Task force advises routine preeclampsia screening in pregnancy
Pregnant women should get routine blood pressure checks at every prenatal visit to screen for preeclampsia, according to new proposed U.S. guidelines aimed at preventing deaths from this complication.
Even though many doctors already monitor blood pressure throughout pregnancy, the U.S. Preventive Services Task Force (USPSTF), a government-backed panel of independent physicians, is updating its clinical guidelines for the first time since 1996 to reflect emerging evidence on the best way to detect preeclampsia.
“The Task Force recognizes the seriousness of this condition, which can progress quickly and become severe, and we continue to recommend pregnant women get screened for preeclampsia,” task force member Dr. Maureen Phipps, a women’s health researcher at Brown University in Providence, Rhode Island, said by email.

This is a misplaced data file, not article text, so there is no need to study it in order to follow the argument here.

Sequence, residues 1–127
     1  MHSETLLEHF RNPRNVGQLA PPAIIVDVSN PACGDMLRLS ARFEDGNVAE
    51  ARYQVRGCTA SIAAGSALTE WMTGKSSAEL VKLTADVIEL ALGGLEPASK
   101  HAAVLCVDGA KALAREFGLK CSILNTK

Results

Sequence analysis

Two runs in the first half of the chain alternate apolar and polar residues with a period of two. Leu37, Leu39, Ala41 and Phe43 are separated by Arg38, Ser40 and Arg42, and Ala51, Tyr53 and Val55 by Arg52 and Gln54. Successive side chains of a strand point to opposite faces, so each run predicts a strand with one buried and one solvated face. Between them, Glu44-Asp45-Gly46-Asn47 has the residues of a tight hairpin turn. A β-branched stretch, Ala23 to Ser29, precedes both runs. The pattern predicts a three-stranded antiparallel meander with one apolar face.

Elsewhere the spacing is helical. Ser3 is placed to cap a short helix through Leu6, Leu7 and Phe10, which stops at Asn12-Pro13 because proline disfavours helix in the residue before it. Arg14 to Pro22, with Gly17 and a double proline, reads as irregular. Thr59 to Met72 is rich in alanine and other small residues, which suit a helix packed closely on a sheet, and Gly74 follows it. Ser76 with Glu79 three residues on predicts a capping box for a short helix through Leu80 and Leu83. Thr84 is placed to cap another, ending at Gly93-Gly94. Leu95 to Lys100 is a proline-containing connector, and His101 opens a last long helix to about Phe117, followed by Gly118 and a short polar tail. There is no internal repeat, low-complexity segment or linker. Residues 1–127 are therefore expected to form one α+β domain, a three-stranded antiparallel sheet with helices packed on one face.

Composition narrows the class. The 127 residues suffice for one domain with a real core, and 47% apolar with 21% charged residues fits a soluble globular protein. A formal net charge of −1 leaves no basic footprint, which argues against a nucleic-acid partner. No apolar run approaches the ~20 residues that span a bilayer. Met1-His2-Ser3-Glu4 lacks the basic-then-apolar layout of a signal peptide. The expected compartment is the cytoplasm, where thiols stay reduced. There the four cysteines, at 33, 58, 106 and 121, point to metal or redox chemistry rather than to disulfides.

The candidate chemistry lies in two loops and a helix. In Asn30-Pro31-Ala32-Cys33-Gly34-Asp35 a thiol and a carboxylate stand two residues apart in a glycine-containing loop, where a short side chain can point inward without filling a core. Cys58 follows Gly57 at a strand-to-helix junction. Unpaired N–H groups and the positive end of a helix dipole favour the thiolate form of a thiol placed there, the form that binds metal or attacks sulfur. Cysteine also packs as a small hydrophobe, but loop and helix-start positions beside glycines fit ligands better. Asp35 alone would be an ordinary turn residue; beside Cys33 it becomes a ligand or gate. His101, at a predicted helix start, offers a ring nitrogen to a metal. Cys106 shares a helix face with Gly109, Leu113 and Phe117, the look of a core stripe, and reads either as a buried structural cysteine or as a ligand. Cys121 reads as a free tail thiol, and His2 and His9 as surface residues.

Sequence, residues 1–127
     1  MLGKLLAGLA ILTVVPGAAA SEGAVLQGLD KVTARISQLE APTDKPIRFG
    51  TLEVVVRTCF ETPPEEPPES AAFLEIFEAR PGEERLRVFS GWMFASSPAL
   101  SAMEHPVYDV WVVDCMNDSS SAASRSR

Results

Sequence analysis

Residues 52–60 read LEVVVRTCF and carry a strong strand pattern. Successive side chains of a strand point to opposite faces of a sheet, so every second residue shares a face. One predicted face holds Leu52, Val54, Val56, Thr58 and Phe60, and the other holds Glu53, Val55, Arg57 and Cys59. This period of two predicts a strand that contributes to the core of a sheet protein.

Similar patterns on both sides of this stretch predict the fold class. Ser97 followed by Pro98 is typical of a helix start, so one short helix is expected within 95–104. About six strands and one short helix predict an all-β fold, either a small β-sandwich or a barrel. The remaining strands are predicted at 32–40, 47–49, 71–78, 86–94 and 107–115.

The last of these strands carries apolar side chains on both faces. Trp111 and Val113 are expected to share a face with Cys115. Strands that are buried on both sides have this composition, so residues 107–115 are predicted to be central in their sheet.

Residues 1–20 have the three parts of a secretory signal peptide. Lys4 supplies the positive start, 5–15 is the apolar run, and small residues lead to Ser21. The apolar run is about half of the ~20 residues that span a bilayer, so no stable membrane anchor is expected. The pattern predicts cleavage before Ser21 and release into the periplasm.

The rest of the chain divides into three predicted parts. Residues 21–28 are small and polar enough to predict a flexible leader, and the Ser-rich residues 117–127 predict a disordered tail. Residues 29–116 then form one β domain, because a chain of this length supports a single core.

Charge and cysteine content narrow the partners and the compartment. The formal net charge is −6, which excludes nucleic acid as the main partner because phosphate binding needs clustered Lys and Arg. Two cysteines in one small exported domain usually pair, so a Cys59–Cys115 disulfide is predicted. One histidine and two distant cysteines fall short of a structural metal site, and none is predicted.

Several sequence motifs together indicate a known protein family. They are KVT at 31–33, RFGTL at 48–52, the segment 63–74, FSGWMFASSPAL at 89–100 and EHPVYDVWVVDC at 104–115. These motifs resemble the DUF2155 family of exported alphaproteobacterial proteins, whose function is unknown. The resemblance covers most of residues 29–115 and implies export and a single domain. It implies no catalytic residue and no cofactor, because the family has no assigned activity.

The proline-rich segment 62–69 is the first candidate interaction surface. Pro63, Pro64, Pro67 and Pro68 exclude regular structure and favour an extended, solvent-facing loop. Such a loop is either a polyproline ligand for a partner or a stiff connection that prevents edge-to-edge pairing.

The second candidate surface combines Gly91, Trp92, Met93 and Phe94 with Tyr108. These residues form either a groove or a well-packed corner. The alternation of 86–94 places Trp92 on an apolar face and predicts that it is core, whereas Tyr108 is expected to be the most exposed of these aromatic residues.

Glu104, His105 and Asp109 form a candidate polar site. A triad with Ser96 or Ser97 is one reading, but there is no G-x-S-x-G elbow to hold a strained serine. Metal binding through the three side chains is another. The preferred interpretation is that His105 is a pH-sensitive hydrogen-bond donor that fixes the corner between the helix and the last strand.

Preeclampsia is a relatively common high blood pressure disorder in pregnancy, affecting approximately 4 percent of pregnancies in the U.S., according to the draft Task Force statement.
In addition to elevated blood pressure, women with preeclampsia may also have excess amounts of protein in their urine, as well as swelling in the feet, legs and hands… Read More>>